News & Latest 23.03.2023

How NIHR ARCs rose to the challenge of COVID-19

A national publication highlighting how National Institute for Health and Care Research Applied Research Collaborations (NIHR ARCs) rose to the challenge of COVID-19 launches today, the third anniversary of the first UK lockdown.

Vital work from across the ARCs in response to the pandemic is showcased in NIHR ARCs: Supporting the fight against COVID-19 (PDF), including ARC East of England's projects.

The publication brings together case studies demonstrating how ARCs pivoted their research programmes in response to the pandemic. It showcases work across a range of themes including children and young people, care homes, equality and diversity, end of life care and workforce planning.

In Spring 2020, care homes across the United Kingdom were facing an unprecedented level of uncertainty from fears caused by the COVID-19 pandemic with little care home specific guidance. Researchers from our Ageing and Multi-Morbidity theme who are a part of the Cross-ARC Care Home Network responded to issues identified in a WhatsApp group, which was formed by care home managers. This group also included researchers from ARC East Midlands and ARC Yorkshire and Humber. Utilising the care home knowledge within the ARC East of England and ARC Kent, Surrey and Sussex, researchers created the Top Tips for Tricky Times which aimed to respond to questions and concerns raised by front-line care staff during this time, whilst being in line with COVID-19 policy and practice guidelines. Since April 2020, the Top Tips for Tricky Times has been downloaded 550 times (approximately) and it is being used both nationally and internationally, including being translated into Spanish. This project highlighted the importance of working with those who live and work in care homes to co-design and co-produce research and knowledge pathways. Also, it demonstrates that to have a real impact on care practice, research and evidence, research needs to be responsive and address what matters to care home staff (1).

One of the strengths of the ARCs is that by working together they achieve national impact, sharing learning, reducing duplication of effort and crucially for care homes, giving voice to a sector that is made up of multiple providers. The ARC Care Home Network was able to mobilise during the pandemic to identify and respond to issues that were affecting how older people accessed care.

Professor Claire Goodman

Another ARC East of England project during the COVID-19 pandemic explored the use of videoconferencing and communication technology by health and social care services. Particularly as these communicative methods were not commonly used prior to the pandemic. This project reviewed the existing evidence and interviewed health and social care professionals (e.g. general practitioners and social workers) to understand the barriers and facilitators to its use. This project exposed the need for further investment in digital infrastructure for adequate information management between health and social care organisations (2). For more information, please see the summary.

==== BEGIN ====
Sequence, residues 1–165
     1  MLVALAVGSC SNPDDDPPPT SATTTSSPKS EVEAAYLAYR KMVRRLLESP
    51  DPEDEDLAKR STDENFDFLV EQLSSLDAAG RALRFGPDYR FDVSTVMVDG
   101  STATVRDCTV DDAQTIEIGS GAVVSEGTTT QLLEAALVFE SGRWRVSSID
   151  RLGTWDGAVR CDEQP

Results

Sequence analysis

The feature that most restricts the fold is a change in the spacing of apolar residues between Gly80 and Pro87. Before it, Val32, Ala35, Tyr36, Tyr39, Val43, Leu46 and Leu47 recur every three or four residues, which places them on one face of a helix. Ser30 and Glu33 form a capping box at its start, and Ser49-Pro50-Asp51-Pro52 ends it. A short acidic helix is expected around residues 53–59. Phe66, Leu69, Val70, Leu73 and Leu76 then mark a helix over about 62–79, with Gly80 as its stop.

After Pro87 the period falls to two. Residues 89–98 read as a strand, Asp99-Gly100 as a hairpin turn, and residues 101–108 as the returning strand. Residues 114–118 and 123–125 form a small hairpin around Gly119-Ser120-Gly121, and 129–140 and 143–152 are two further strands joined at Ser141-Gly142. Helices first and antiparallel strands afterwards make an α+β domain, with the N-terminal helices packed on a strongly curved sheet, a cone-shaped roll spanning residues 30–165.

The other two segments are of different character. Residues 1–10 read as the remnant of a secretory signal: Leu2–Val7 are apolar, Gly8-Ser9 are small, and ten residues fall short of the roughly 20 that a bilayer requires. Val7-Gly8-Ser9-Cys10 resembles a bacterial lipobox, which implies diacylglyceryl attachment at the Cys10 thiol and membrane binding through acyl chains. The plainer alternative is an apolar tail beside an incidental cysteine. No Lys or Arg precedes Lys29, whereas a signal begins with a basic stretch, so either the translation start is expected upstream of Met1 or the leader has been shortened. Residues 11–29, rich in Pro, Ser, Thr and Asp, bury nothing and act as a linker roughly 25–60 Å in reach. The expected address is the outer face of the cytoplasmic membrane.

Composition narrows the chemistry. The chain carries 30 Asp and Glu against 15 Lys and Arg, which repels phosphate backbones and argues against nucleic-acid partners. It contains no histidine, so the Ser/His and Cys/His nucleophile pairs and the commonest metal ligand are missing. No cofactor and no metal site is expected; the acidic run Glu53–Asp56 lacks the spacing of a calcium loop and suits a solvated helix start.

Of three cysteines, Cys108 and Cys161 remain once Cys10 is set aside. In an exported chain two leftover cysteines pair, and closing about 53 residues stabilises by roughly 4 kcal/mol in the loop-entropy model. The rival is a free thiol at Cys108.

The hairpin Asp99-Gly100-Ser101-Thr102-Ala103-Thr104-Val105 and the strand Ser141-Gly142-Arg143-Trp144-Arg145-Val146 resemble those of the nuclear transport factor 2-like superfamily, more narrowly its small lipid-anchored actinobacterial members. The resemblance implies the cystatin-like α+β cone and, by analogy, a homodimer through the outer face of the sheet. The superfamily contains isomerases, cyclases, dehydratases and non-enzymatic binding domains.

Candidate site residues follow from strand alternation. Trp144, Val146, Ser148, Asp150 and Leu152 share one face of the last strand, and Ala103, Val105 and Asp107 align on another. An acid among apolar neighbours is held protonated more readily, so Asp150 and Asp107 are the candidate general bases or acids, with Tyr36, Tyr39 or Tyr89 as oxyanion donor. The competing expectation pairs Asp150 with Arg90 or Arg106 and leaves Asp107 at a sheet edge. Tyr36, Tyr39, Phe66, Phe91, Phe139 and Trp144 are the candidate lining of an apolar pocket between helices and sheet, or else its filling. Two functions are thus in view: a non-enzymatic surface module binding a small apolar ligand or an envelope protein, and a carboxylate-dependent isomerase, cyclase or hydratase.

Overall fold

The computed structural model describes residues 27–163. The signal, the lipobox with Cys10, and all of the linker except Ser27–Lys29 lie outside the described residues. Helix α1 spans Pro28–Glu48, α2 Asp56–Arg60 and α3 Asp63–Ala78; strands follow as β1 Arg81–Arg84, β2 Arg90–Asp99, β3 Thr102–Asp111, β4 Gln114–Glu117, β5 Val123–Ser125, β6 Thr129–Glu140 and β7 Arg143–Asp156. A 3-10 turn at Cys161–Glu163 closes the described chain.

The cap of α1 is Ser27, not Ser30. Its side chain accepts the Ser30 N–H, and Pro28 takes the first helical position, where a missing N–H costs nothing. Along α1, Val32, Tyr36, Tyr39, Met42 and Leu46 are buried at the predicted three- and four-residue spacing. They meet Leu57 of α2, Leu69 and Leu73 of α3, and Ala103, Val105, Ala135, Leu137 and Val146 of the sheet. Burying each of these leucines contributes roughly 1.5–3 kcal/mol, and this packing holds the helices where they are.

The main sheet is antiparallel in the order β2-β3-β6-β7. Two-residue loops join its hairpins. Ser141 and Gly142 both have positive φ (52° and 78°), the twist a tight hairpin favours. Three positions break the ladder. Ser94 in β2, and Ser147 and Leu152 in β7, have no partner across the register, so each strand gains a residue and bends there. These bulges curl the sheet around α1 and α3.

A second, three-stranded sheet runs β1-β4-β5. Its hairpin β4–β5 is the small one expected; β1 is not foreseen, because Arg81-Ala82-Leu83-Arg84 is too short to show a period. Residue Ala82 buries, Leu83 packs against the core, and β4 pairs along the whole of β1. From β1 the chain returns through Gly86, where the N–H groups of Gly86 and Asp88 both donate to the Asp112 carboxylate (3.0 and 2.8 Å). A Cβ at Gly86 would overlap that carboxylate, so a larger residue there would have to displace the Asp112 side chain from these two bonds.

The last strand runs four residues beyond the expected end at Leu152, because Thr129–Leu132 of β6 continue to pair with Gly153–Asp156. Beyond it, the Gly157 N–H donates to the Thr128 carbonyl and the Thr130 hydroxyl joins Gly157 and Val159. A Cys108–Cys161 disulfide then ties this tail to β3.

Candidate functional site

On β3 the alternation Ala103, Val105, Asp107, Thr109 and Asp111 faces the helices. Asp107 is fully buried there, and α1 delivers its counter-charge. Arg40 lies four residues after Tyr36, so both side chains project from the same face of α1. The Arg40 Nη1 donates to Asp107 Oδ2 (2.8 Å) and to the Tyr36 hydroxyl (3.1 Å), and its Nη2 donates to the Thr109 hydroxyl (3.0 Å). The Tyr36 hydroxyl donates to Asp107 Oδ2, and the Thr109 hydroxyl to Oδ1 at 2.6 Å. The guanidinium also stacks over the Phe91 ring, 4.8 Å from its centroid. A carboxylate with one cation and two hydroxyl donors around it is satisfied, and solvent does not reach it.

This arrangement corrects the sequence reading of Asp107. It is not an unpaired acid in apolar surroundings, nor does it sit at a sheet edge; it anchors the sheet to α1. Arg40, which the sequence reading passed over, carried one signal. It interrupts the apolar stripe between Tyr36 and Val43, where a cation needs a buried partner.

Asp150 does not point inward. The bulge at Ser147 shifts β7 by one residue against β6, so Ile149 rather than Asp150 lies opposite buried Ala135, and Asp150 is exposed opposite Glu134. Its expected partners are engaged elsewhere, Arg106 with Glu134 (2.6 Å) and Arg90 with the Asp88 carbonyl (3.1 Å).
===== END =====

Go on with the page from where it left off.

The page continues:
The challenges that health and social care sectors faced during this period were key points of discussion at this year’s Cross-ARC Care Home Network event, which was co-led by ARC East of England.

The pandemic presented new opportunities for using video consultation with care homes but we need to ensure this technology is personalised to residents, protects and shares data, and considers the care home setting.

Dr Krystal Warmoth

The publication was led by NIHR ARC East Midlands, with communications support from NIHR ARC West. In the foreword, the ARC Directors write:

“In 2020, we made rapid changes to our research programmes across the ARCs, to inform policy and practice, improve health and care, and deliver national-level impact in this rapidly changing landscape.

“Our expertise in data modelling, multiple long-term conditions, mental health and social care alongside our ability to build and sustain collaborations across the NHS, social care, the voluntary sector and industry, has placed us in a unique position. We have been able to contribute to the efforts to understand the virus and its impact on communities, locally, nationally and globally.

“This publication outlines our response as ARCs, both collectively and individually, to this challenge. It showcases the part we have played in supporting the health and care sector and patients, public and communities. We are proud of our part in lending our expertise to understanding the disease and assisting the global effort to contain it, improving outcomes and saving lives.”

Professor Lucy Chappell, Chief Executive of the NIHR and the Department of Health and Social Care’s Chief Scientific Advisor, said:

"The COVID-19 pandemic was unlike any health crisis we had experienced for a century. In order for us to tackle the pandemic swiftly and strongly, we needed a collaborative and sustained approach across health and care research that harnessed the power of our collective effort like never before."

“This impressive report sets out how that effort was provided, extending across many different themes, specialisms, and areas of the country. It illustrates how researchers, working together to tackle a common cause, can have such an important impact for patients and the public."